Navy Pier Flyover finally ready for take-off

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A notorious bottleneck along the lakefront path near Navy Pier that has created a dangerous free-for-all between cyclists, joggers, skaters, pedestrians and motorists is about to be eliminated — finally.

Construction on the 1.5-mile, $60 million “Navy Pier Flyover” will begin Monday, triggering the temporary closure of the right lane and shoulder of northbound Lake Shore Drive between Illinois and Grand. The exit ramp at Illinois will be reduced to one lane.

The lakefront trail will remain open to pedestrians and cyclists during the four-year construction project, but  there will be periodic detours.

The dedicated bike and pedestrian path will be 16 feet wide and extend from Jane Addams Park to just south of the Chicago River Bridge.

It will offer a safe and scenic alternative to a confusing and dangerous stretch of the 18.5-mile lakefront trail that features blind corners, narrow rights-of-way and traffic conflicts that choke the trail and create a hazardous experience for pedestrians, cyclists and motor vehicles.

“I come out to dedicate projects I really don’t know much about. But, I do know something about this project because I’ve tried to ride my bike down this trail and, when you reach this point, it is some combination of bumper cars [and] Whac-a-Mole…You take your life in your hands trying to move from this spot to the other side. That’s gonna change,” U.S. Senator Dick Durbin (D-Il.) said during an election-day groundbreaking ceremony at Jane Addams Park.

“We’re going to have a beautiful addition to the lakefront. We’re going to make this safer. People are going to enjoy it more. Families are going to have a better experience. And we’ll leave something for future generations. I’m looking forward to the completion and the safe navigation of my bicycle through this path.”

Mayor Rahm Emanuel, an avid cyclist, seconded Durbin’s emotion.

“Any time you’re going under here, you can hear everybody [yelling], `On your right! On your right!’ Then, you have these young families with children who all have to move over,” the mayor said.

“We, as a city, have discussed this. We have debated it. We have deferred it for decades. And now it’s time to build it. With this effort, we will take one of the great jewels of Chicago and open it up for future generations to see something and enjoy something in a way that doesn’t have a mile-[long] gap in those 18 miles that are disruptive to anybody running, walking or biking through this part of the city.”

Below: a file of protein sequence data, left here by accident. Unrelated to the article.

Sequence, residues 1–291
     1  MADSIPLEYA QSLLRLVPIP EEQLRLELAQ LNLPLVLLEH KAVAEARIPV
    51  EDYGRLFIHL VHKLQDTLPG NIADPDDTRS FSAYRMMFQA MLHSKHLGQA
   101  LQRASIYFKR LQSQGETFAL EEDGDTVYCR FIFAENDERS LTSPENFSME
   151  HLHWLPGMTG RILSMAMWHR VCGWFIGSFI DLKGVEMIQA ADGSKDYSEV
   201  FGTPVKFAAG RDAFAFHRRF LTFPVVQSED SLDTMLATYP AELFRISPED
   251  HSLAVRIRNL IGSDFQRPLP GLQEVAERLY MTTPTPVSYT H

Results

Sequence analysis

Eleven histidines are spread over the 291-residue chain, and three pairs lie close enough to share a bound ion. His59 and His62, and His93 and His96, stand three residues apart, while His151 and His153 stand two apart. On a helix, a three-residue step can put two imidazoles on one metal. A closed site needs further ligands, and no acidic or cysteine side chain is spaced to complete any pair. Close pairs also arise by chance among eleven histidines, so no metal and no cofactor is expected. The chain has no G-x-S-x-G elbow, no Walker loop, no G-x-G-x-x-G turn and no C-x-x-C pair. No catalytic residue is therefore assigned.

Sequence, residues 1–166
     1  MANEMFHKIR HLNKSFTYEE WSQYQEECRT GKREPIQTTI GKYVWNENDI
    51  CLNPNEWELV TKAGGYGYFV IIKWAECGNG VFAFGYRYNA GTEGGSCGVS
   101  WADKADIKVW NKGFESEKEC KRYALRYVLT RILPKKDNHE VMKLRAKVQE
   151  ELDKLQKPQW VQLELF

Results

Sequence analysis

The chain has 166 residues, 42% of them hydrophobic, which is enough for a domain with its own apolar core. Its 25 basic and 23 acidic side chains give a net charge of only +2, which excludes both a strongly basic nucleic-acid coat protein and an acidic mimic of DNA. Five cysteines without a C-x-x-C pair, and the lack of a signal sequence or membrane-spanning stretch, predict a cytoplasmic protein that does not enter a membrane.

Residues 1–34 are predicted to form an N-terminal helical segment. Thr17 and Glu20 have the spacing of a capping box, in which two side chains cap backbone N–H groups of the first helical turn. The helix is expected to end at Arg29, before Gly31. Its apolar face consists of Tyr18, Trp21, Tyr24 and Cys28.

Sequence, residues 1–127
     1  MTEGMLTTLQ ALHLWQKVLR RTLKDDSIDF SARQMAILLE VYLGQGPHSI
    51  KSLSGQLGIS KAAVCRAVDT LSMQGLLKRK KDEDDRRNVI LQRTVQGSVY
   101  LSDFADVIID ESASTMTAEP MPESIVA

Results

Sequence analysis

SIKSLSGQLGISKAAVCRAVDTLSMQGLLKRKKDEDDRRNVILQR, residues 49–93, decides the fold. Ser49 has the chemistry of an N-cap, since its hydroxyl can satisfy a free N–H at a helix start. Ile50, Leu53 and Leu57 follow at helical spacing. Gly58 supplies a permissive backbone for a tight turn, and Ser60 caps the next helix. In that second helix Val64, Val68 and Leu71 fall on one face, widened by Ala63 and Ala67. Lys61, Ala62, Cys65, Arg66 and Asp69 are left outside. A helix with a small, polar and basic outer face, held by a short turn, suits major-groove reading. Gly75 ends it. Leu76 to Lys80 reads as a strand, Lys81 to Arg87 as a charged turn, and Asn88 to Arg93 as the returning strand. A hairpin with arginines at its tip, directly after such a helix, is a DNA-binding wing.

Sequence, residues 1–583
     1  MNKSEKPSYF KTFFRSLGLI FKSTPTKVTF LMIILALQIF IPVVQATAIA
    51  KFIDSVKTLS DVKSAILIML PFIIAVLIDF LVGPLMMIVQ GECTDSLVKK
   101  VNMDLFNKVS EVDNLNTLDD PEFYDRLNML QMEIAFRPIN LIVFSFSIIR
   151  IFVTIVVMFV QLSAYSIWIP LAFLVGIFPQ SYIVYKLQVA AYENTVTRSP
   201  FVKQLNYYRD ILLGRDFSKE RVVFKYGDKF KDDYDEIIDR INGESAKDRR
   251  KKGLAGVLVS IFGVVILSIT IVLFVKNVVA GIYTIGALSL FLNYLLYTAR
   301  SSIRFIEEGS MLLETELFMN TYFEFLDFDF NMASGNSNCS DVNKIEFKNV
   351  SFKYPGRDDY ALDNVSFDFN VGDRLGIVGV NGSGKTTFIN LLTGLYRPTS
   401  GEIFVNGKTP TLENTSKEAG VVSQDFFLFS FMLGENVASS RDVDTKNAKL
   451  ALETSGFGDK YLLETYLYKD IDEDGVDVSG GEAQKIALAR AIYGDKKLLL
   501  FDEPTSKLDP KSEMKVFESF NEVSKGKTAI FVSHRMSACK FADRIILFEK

For a project described Tuesday as so vital to eliminating conflict, the Navy Pier Flyover sure has been a long time getting off the ground.

It was publicly unveiled in 1999 and incorporated the following year into then-Mayor Richard M. Daley’s Bike 2000 Plan.

In 2011, it was finally approved by the Chicago Plan Commission. At the time, the price tag was $40 million — $20 million less than it costs today.

Durbin, who helped secure $18 million in federal “congestion mitigation” funds for the Navy Pier Flyover, was asked why a project described as both “architecturally stunning and functional” took so long to finally get going.

“That’s a good question and the mayor alluded to it. Obviously, there was a lot of debate. When you build in this part of the city, a lot of people have opinions about what it should look like and what impact it’s going to have on local residents. I’m glad they finally worked it out,” Durbin said.

Newly-appointed Chicago Transportation Commissioner Rebekah Scheinfeld added, “This is a very complicated design. And it’s a very ambitious project. We’re really excited that it’s getting started. You have millions of people using this bike path and tens of thousands in this segment alone on a given day. It’s going to be a significant safety improvement in terms of separating those uses and having more space for pedestrians and bicycle users.”

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